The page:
Elective affinities

What, then, are the elements that went into the composition of Bolsonarismo? Sociologist Gabriel Feltran offers us a starting point by listing three ‘discursive matrices’ he calls ‘police militarism’ (support for law-and-order policies and the extrajudicial use of force), ‘Evangelical anti-intellectualism’ (rejection of science and formal education in favour of religion and personal experience), and ‘entrepreneurial monetarism’ (an ‘entrepreneur of oneself’ ethos for which precarity equals autonomy). 3 This is doubly useful, as it not only pinpoints long-term tendencies that Feltran has identified in his fieldwork in the periphery of São Paulo, but does so by resorting to the concept that Eder Sader advanced in his analysis of the early 1980s’ ‘social movement boom’ out of which the Workers’ Party (PT) emerged. 4 The same caveat raised above about Laclau applies here: to speak of ‘discursive matrices’ is not to claim some fundamental priority for language over embodiment or affectivity, but to propose that we think the two spheres in a circular, reciprocal relation. Language has the power to give names to things that are already vaguely sensed in everyday experience, and resonates to the extent that it does so; in so doing, however, it renders that experience communicable, enhances its publicness and reframes sensibilities accordingly. 5 Discursive matrices should therefore be considered as generative not only of statements, but of affective structures (likes and dislikes, hates and loves, objects of admiration and repulsion; what Spinoza would call ingenia), identification and belonging, ways of understanding and narrating oneself – all the latent conditions for what may or may not develop into fully conscious, mobilised political subjectivity.

Yet Feltran’s conclusions, valuable as they are for showing the fertile ground Bolsonarismo has found among the poor, are needlessly constrained by the way he generalises (or fails to generalise) his ethnographic findings. As he himself recognises, anti-intellectualism is not exclusive to the Evangelical population and is just as visible among the predominantly Catholic upper class. As for militarism and entrepreneurialism, though they are each a single matrix shared by rich and poor, they take on such different connotations depending on class and racialisation as to result in very distinct subjective positions: it is not because people are using the same words that they are saying the same thing. In short, Feltran’s observational bias puts him at risk of (correctly) countering the idea that Bolsonarismo is merely ‘a mobilisation of the elites against the poor’ with the (incorrect) suggestion that ‘sectors of finance, agribusiness, religious and rural elites’ joined this ‘totalitarian movement’ late in the game, ‘possibly without realising what they were doing’. 6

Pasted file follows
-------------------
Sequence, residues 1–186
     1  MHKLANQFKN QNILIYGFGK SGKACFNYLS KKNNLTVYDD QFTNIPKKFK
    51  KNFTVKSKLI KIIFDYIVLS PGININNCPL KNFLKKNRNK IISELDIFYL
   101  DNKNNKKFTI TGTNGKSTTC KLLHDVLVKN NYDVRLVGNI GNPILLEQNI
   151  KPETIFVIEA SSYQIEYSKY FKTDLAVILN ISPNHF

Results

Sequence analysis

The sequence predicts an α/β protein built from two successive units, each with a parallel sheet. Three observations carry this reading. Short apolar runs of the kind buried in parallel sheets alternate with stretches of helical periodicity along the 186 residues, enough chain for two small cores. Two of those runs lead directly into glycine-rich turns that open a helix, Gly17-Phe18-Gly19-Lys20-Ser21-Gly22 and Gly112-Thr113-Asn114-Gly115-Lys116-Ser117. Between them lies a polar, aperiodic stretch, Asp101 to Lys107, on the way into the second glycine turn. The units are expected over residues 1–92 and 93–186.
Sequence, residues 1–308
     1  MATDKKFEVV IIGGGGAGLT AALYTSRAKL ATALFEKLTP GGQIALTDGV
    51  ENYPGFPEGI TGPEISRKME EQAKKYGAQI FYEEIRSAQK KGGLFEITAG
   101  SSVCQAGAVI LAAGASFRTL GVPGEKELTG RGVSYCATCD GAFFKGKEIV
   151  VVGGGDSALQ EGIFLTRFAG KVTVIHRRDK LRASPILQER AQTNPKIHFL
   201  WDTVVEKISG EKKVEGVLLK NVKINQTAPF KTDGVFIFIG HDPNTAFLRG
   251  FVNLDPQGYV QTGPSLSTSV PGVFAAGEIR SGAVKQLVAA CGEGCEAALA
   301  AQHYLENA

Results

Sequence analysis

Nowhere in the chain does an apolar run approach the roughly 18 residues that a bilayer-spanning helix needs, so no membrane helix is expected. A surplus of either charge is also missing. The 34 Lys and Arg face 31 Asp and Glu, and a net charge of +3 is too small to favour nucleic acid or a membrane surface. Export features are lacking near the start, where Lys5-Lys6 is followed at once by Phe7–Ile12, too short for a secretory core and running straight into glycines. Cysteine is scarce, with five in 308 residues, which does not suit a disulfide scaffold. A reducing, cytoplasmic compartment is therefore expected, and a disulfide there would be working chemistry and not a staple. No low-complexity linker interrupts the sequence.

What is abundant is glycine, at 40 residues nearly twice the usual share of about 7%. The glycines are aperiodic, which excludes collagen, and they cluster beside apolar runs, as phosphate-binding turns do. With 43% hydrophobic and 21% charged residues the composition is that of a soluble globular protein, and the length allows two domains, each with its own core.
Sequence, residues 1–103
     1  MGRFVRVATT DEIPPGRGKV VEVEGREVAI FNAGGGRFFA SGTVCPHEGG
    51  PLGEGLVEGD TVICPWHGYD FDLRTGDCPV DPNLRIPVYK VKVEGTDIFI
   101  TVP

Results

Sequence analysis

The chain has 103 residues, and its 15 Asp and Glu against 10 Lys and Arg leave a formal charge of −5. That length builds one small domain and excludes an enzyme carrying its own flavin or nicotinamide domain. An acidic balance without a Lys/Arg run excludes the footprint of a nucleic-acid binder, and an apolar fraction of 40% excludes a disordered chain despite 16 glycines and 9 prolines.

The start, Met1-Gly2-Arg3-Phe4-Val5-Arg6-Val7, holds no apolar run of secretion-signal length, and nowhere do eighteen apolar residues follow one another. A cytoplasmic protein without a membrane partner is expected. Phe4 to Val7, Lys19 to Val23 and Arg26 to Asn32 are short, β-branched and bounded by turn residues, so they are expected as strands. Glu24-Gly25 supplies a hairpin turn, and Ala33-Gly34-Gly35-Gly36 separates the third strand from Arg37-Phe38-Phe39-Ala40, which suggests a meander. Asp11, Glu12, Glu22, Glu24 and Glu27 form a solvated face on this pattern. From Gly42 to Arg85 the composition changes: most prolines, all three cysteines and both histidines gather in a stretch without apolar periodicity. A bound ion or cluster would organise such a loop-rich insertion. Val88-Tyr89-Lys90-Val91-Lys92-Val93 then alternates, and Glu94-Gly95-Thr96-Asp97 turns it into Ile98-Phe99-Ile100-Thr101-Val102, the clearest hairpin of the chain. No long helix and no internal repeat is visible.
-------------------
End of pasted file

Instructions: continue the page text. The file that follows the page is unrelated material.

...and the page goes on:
A formulation like this misses three crucial things about Bolsonarismo. Firstly, its character as a cross-class alliance around a few common identitarian and political reference points that have, until now, far outweighed the contradictions among the divergent interests that it brings together. Secondly, the fact that what makes this balancing act possible is both the pervasiveness of certain discursive matrices and their having enough grammar in common as to be compatible with one another. Thus, although there may be an upper- and a lower-class militarism or anti-intellectualism, the two sides can still understand and identify with one another, especially when set against what they oppose (criminality, drug use, unbridled sexuality, leniency with ‘marginals’, leftist indoctrination etc.). This means, thirdly, that we should not speak as if there were a pre-existing movement to which some groups latched on to in 2018, but rather think of what happened as the confluence of different vectors, ‘from above’ as well as ‘from below’, that already had much in common. The top 10% of the electorate were in fact the first sector Bolsonaro won over, very early on, and if the 1% did not have him as their first choice, they had no qualms about embracing him when it became clear he could win. To sum up, Bolsonarismo is a cross-class project held together at the top by politics and at the base by strong elective affinities.

This means that we can distinguish among the discursive matrices that compose it three different types: those that are restricted to a particular class or group; those that are widely shared but whose meaning remains constant across groups or classes; and those that are shared but take on different meanings depending on one’s position in the social structure. As we have seen, anti-intellectualism, militarism and entrepreneurialism all cut across strata, but the latter two belong to the third type. 7